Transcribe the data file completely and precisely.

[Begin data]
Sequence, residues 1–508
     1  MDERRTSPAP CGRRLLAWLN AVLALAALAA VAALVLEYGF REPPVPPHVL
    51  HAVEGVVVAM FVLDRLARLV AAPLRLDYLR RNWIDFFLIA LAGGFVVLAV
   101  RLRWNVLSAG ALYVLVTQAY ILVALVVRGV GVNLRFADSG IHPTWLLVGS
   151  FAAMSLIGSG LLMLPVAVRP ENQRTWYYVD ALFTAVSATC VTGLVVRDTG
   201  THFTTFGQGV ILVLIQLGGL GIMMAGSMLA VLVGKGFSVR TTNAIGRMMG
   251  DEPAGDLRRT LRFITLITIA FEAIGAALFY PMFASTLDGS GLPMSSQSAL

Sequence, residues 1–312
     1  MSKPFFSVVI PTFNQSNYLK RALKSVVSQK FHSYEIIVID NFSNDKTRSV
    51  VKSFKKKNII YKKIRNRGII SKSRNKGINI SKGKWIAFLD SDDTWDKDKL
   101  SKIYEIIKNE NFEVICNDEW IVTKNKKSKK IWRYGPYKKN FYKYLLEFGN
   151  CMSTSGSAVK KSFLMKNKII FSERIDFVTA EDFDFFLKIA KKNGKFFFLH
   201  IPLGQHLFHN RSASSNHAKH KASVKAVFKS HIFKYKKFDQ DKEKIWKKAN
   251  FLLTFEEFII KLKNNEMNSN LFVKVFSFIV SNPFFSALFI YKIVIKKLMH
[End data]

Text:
Sequence, residues 1–508
     1  MDERRTSPAP CGRRLLAWLN AVLALAALAA VAALVLEYGF REPPVPPHVL
    51  HAVEGVVVAM FVLDRLARLV AAPLRLDYLR RNWIDFFLIA LAGGFVVLAV
   101  RLRWNVLSAG ALYVLVTQAY ILVALVVRGV GVNLRFADSG IHPTWLLVGS
   151  FAAMSLIGSG LLMLPVAVRP ENQRTWYYVD ALFTAVSATC VTGLVVRDTG
   201  THFTTFGQGV ILVLIQLGGL GIMMAGSMLA VLVGKGFSVR TTNAIGRMMG
   251  DEPAGDLRRT LRFITLITIA FEAIGAALFY PMFASTLDGS GLPMSSQSAL

Sequence, residues 1–312
     1  MSKPFFSVVI PTFNQSNYLK RALKSVVSQK FHSYEIIVID NFSNDKTRSV
    51  VKSFKKKNII YKKIRNRGII SKSRNKGINI SKGKWIAFLD SDDTWDKDKL
   101  SKIYEIIKNE NFEVICNDEW IVTKNKKSKK IWRYGPYKKN FYKYLLEFGN
   151  CMSTSGSAVK KSFLMKNKII FSERIDFVTA EDFDFFLKIA KKNGKFFFLH
   201  IPLGQHLFHN RSASSNHAKH KASVKAVFKS HIFKYKKFDQ DKEKIWKKAN
   251  FLLTFEEFII KLKNNEMNSN LFVKVFSFIV SNPFFSALFI YKIVIKKLMH